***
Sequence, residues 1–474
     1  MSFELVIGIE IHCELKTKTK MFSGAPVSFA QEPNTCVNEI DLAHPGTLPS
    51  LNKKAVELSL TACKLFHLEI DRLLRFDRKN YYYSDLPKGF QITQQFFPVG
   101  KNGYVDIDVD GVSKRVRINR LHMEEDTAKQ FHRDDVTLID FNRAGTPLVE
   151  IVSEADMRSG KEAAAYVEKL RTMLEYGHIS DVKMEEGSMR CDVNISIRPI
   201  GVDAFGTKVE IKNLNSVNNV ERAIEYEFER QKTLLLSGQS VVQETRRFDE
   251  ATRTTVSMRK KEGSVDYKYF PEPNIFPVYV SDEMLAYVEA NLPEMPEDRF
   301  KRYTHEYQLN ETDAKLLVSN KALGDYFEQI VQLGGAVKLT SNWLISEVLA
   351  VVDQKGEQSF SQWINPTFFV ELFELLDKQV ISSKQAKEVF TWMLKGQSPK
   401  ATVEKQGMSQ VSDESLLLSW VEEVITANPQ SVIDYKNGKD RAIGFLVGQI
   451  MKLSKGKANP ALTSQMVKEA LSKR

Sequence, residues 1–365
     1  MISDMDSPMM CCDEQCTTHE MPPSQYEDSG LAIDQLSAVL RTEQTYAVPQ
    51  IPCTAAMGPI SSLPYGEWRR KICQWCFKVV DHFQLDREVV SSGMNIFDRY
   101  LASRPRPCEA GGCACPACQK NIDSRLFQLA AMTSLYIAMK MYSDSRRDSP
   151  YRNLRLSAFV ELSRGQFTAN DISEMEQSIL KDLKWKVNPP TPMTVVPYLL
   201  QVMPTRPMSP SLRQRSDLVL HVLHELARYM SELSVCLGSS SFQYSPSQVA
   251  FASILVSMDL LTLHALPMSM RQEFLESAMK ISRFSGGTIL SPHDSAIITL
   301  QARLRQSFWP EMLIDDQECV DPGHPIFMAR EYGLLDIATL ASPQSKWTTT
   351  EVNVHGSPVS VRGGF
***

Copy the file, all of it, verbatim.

Sequence, residues 1–474
     1  MSFELVIGIE IHCELKTKTK MFSGAPVSFA QEPNTCVNEI DLAHPGTLPS
    51  LNKKAVELSL TACKLFHLEI DRLLRFDRKN YYYSDLPKGF QITQQFFPVG
   101  KNGYVDIDVD GVSKRVRINR LHMEEDTAKQ FHRDDVTLID FNRAGTPLVE
   151  IVSEADMRSG KEAAAYVEKL RTMLEYGHIS DVKMEEGSMR CDVNISIRPI
   201  GVDAFGTKVE IKNLNSVNNV ERAIEYEFER QKTLLLSGQS VVQETRRFDE
   251  ATRTTVSMRK KEGSVDYKYF PEPNIFPVYV SDEMLAYVEA NLPEMPEDRF
   301  KRYTHEYQLN ETDAKLLVSN KALGDYFEQI VQLGGAVKLT SNWLISEVLA
   351  VVDQKGEQSF SQWINPTFFV ELFELLDKQV ISSKQAKEVF TWMLKGQSPK
   401  ATVEKQGMSQ VSDESLLLSW VEEVITANPQ SVIDYKNGKD RAIGFLVGQI
   451  MKLSKGKANP ALTSQMVKEA LSKR

Sequence, residues 1–365
     1  MISDMDSPMM CCDEQCTTHE MPPSQYEDSG LAIDQLSAVL RTEQTYAVPQ
    51  IPCTAAMGPI SSLPYGEWRR KICQWCFKVV DHFQLDREVV SSGMNIFDRY
   101  LASRPRPCEA GGCACPACQK NIDSRLFQLA AMTSLYIAMK MYSDSRRDSP
   151  YRNLRLSAFV ELSRGQFTAN DISEMEQSIL KDLKWKVNPP TPMTVVPYLL
   201  QVMPTRPMSP SLRQRSDLVL HVLHELARYM SELSVCLGSS SFQYSPSQVA
   251  FASILVSMDL LTLHALPMSM RQEFLESAMK ISRFSGGTIL SPHDSAIITL
   301  QARLRQSFWP EMLIDDQECV DPGHPIFMAR EYGLLDIATL ASPQSKWTTT
   351  EVNVHGSPVS VRGGF